Stevens Institute of Technology students are building a storm-ready house

     A rendering of the SURE HOUSE depicted within a traditional Jersey Shore bungalow community. (Image courtesy of Stevens Institute of Technology)

    A rendering of the SURE HOUSE depicted within a traditional Jersey Shore bungalow community. (Image courtesy of Stevens Institute of Technology)

    Hurricane Sandy was personal for students at Stevens Institute of Technology in Hoboken. 

    They witnessed the humanitarian crisis that unfolded after the Hudson River spilled into the Mile Square City: portions of the city were underwater, some residents were trapped for days, and the National Guard patrolled the streets. 

    Further south along the Jersey Shore, the damage was catastrophic. 

    In the storm’s wake, the university — known for its science and engineering prowess — recognized the critical need to develop sustainable housing solutions and is now taking a leading role in designing a more storm-resilient future.

    Its students are currently participating in the Solar Decathlon, a biannual competition hosted by the U.S. Department of Energy with the charge to “design, build and operate the most energy-efficient solar home within budgetary and building limits,” according to a university press release.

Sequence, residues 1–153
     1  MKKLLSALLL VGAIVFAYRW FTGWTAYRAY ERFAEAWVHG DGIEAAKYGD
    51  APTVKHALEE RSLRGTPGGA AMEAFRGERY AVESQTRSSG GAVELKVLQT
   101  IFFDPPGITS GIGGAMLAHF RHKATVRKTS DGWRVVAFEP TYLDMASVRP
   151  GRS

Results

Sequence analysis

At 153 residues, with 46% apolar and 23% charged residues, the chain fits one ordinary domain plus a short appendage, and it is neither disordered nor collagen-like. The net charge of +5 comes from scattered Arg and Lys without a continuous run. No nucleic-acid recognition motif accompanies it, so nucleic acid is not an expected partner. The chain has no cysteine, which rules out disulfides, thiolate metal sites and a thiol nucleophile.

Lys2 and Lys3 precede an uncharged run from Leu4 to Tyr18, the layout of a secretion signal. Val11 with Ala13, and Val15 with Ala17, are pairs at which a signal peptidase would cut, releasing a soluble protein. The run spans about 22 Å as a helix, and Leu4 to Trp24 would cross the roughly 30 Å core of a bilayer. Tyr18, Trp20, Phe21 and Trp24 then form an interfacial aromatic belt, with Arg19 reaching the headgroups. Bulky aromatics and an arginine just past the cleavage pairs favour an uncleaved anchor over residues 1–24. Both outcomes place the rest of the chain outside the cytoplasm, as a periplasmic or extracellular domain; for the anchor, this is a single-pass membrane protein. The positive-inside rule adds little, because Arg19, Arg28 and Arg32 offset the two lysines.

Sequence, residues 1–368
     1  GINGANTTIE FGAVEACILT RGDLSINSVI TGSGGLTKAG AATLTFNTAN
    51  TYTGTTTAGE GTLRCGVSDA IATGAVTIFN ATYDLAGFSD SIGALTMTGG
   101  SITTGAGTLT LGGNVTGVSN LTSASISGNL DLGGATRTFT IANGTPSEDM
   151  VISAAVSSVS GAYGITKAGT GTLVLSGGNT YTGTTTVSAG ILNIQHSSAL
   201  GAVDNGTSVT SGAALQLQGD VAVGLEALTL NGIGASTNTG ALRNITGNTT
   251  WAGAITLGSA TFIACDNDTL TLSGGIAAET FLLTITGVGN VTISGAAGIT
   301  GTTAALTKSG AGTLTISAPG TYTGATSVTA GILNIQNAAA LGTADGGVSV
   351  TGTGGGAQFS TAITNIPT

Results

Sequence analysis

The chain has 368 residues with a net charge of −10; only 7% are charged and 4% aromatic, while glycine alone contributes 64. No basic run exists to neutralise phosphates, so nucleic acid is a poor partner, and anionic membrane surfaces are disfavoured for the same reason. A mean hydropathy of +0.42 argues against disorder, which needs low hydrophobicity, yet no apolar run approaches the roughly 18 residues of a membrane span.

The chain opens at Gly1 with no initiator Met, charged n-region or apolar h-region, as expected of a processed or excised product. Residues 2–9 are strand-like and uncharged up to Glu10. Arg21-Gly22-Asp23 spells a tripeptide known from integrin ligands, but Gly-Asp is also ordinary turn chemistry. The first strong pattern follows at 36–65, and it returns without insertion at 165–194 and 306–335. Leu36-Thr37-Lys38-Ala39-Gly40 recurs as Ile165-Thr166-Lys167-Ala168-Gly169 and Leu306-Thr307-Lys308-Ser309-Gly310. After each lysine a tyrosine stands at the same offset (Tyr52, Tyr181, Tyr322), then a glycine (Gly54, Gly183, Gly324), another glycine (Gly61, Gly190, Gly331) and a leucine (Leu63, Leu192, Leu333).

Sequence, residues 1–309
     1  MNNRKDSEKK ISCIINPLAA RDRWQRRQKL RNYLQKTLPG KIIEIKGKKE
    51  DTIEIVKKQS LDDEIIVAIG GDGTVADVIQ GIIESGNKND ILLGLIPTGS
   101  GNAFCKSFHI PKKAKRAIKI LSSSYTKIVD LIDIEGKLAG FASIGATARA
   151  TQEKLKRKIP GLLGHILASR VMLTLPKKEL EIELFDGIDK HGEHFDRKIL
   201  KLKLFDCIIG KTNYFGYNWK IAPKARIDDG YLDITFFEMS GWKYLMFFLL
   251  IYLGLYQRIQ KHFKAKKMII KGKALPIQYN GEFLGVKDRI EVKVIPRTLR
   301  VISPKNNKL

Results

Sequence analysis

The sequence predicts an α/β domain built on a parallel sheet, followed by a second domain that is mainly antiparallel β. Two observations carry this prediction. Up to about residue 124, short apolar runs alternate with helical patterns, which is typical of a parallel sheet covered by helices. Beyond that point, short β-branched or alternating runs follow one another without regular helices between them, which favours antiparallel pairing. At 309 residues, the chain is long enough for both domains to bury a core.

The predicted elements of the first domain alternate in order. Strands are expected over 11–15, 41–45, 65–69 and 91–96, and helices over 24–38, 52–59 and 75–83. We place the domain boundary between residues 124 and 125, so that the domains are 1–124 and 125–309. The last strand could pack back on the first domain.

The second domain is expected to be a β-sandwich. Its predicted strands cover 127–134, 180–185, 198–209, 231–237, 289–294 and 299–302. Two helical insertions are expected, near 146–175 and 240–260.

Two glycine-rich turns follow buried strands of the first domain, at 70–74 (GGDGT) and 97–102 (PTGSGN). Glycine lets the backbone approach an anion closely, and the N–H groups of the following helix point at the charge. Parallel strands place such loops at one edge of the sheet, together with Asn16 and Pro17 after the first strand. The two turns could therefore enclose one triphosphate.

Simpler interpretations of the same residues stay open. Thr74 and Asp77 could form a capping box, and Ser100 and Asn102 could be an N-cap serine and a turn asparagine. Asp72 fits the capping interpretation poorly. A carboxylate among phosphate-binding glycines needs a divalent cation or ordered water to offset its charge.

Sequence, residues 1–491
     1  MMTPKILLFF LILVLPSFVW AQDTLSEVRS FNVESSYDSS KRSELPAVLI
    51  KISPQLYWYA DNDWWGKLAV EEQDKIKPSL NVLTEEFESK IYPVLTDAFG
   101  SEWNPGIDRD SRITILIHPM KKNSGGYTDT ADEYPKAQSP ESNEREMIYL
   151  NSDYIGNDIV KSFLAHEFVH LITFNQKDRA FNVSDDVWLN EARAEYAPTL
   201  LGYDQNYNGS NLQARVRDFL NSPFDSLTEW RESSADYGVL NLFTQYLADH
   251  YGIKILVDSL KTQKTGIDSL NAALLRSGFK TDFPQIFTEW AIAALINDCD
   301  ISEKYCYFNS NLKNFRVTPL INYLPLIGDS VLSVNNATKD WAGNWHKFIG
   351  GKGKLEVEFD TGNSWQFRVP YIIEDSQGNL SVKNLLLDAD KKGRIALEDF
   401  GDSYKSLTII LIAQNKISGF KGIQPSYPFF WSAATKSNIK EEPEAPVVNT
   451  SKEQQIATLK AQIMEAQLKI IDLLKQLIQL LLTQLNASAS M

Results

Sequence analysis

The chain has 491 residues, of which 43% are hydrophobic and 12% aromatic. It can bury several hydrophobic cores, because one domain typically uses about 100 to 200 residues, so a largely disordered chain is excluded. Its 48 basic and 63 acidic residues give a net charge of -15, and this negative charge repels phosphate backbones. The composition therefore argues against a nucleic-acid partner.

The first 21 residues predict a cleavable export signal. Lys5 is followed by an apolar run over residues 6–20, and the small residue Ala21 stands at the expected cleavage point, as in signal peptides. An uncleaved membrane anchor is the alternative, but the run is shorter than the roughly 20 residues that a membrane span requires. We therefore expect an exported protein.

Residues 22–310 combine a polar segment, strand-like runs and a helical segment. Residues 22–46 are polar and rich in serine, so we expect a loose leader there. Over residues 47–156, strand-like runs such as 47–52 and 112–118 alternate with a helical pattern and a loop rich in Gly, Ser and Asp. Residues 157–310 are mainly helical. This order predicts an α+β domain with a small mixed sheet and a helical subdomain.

They’ve designed and will soon begin building the SURE HOUSE, a net-zero, solar-powered home, that will then be disassembled and transported to the competition site in Irvine, California, where it will once again be assembled for the Solar Decathlon exposition this fall.

    “Designed to meet the needs of the middle and working class residents who live in the areas of coastal New Jersey and New York, the SURE HOUSE design takes into account the new flood maps issued by FEMA in the aftermath of Hurricane Sandy, as well as the economic feasibility of innovative approaches to building in these neighborhoods,” the university release said.

    According to the project’s website, the house represents a “new direction in storm resilient coastal housing” by merging the design of the traditional beach bungalow with state of the art technologies. The result is a structure that “is armored against extreme weather, uses 90% less energy than its conventional cousins, powers itself through clean solar energy, and in the aftermath of a storm, becomes a hub for emergency power to the neighborhood.”

    Allison Outwater, a student involved in the project, said that her team will donate the house “to some area at the Jersey Shore to give back to those affected by Sandy.”

    Her team will begin building the house in a parking lot along Hoboken’s waterfront on April 6. 

    They expect to finish by June. 

    Visit the SURE HOUSE website for more information. Follow the project on Facebook and Instagram

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